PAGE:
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Ever since Hamilton became a smash hit (both on Broadway and through streaming), Hollywood has been happy to grab a piece of Lin-Manuel Miranda’s portfolio whenever it can. In The Heights is a perfect example of a project that benefitted from Miranda’s meteoric rise, as the long in development film adaptation finally got off the ground in a post-Hamilton world. Over a decade has passed since development of the production first started, and it’s an absolute joy to say that director Jon M. Chu’s magic touch has made the musical one of the year’s best films.
At the core of In The Heights, the story of Usnavi (Anthony Ramos) and his dream to return to the Dominican Republic, is very much a tale that could seem familiar. As ne narrates the story of a few fateful days in Washington Heights, an overarching theme plays out about what it means to be a part of a community. It’s here that the movie puts a unique spin on the themes of big dreamers in the big city, as instead of celebrating or cursing New York City, the musical keeps its focus squarely on the people doing the dreaming.
Fans of the Broadway show and curious newcomers alike will be blown away by In The Heights’ bombastic yet touching story.
Building a strong following since its stage run in the mid-aughts, Lin-Manuel Miranda and Quiara Alegría Hudes’ smash hit musical has come along at the best time possible. In The Heights’ timely story has a topical message that feels right at home in a musical setting. The running theme of dreams and dealing with the obstacles that are presented to stand in their way is a classic foundation that’s reinvigorated by the way that Huedes adapts her own book into the realities of today.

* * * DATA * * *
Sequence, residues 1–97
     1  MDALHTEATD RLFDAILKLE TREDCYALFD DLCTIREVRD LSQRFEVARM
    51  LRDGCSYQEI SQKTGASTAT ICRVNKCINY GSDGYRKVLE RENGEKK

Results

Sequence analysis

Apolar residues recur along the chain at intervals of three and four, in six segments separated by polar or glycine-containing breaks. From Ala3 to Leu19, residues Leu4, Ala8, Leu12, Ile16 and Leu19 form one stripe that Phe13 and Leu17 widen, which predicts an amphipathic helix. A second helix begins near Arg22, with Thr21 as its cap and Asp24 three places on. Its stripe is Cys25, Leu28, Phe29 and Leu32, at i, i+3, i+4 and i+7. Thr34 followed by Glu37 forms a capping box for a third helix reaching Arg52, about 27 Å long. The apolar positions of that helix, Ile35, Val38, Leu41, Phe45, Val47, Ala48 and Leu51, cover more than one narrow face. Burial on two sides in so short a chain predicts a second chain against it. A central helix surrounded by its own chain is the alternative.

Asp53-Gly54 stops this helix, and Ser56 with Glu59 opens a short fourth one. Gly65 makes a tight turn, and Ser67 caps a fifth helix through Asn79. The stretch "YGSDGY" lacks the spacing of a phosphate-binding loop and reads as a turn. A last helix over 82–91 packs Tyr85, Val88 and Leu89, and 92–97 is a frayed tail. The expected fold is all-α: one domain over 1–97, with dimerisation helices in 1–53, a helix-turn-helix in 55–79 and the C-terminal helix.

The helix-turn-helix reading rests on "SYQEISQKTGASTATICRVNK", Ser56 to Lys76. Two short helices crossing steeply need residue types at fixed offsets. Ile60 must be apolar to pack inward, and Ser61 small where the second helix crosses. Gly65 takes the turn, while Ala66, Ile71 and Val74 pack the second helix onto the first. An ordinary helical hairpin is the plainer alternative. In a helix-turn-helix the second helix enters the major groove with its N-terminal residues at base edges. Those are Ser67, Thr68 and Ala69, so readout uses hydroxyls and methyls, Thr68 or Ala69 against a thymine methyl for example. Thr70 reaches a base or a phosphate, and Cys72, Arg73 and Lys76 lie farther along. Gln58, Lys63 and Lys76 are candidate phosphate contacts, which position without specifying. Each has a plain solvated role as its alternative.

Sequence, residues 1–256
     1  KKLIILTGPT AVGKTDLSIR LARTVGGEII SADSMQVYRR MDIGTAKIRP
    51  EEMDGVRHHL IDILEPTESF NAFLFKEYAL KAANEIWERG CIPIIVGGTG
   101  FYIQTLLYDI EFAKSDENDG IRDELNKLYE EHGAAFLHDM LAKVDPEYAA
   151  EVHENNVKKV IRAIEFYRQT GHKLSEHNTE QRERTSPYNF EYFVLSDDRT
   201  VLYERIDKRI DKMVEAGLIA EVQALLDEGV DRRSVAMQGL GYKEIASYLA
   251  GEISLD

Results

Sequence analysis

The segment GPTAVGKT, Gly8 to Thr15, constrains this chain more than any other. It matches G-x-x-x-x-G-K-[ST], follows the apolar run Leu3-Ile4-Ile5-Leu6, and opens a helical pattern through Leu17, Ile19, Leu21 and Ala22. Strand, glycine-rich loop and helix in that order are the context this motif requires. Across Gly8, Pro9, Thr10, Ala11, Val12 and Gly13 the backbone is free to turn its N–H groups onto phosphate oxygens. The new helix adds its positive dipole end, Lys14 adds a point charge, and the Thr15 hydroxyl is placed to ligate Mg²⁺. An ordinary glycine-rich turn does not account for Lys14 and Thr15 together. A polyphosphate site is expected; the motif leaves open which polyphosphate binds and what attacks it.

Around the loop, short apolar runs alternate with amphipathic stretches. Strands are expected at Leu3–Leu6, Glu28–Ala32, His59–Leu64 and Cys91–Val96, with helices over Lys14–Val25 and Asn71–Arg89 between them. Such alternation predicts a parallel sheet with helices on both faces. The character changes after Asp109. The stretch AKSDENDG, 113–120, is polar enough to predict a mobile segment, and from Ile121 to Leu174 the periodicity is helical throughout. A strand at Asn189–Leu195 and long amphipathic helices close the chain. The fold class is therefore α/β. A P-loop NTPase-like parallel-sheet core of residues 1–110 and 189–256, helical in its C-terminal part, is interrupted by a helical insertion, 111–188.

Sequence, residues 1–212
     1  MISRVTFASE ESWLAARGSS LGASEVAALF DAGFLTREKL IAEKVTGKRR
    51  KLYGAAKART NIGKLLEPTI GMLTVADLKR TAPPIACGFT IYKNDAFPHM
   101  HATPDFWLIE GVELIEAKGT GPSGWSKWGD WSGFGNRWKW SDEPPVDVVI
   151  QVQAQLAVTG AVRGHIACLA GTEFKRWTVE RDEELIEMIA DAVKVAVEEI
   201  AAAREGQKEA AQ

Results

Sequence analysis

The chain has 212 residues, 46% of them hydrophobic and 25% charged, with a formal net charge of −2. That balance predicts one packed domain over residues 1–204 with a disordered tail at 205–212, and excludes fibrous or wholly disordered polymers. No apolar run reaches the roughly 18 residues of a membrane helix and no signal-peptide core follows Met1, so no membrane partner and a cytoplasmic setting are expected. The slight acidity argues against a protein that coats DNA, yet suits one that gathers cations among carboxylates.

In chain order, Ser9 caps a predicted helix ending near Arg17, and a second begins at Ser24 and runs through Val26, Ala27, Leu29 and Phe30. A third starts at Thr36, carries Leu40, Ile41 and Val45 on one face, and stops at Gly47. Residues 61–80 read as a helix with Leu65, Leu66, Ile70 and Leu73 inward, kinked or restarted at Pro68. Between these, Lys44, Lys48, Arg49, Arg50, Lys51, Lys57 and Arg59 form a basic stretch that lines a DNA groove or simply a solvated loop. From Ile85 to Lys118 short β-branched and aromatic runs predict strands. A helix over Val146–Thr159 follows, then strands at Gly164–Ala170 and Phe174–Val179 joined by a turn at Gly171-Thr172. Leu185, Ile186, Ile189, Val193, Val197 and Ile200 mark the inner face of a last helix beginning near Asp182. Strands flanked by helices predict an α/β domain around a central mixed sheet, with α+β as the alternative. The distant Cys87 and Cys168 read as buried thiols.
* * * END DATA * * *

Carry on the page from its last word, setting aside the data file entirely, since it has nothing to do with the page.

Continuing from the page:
While the original story from In The Heights’ stage version has been tweaked, it shouldn’t turn those familiar with the original musical away from the new set of twists and turns. The fundamental bones of In The Heights are still there, but as any musical fan will tell you, changes to create a more cinematic experience are almost always expected. It doesn’t stop Anthony Ramos from anchoring a marvelous cast, who come together to tell a tale of how love, community, and sueñito unite us all, no matter who we are.
Jon M. Chu’s directorial expertise prevents In The Heights from becoming too stagey, creating a true movie musical.
A huge pitfall that most movie musicals find themselves subjected to is the fact that, most of the time, the film version finds itself too married to the staging of a show. A movie like In The Heights could find itself limited by the vision of the director, but thanks to Jon M. Chu’s credentials helming features like chapters of the Step Up franchise, this stage adaptation takes full advantage of the space and the dancing abilities its cast have to work with.
There’s also a beautiful blending of realities, as In The Heights does have some fantastical visual flourishes in its cinematic retelling. Again, Chu’s visual style is more of a fitting accent than a distraction, as moments of heightened musical reality only serve to enhance the overall experience. You might even find yourself distracted by the fact that you’ve been moved to tears – and you absolutely will be before the music ends.
In The Heights is an explosively beautiful cinematic experience, and easily one of the best films of the year so far.
2021 is going to be a year that sees theater owners and studios pushing audiences to experience their films on the big screen, and when that movie happens to be something like In The Heights, that push is well justified. Every aspect of Jon M. Chu’s retelling of Lin-Manuel Miranda and Quiara Alegría Hudes’ beautiful ode to the dreams and pride that make us who we are bursts into life in the theatrical experience.
While it’s massive in visual scope, In The Heights never loses focus on the characters of its world, wrapping its songs and story around a warm, beating heart that shows a community proud to be who it is. It's a movie that sees itself, and its characters, as it does its audience: proudly, with much needed warmth and humor. Dreams like this, whether they be large or small, need a big screen to be truly seen; and In The Heights is absolutely worthy of being made into a big time moviegoing experience.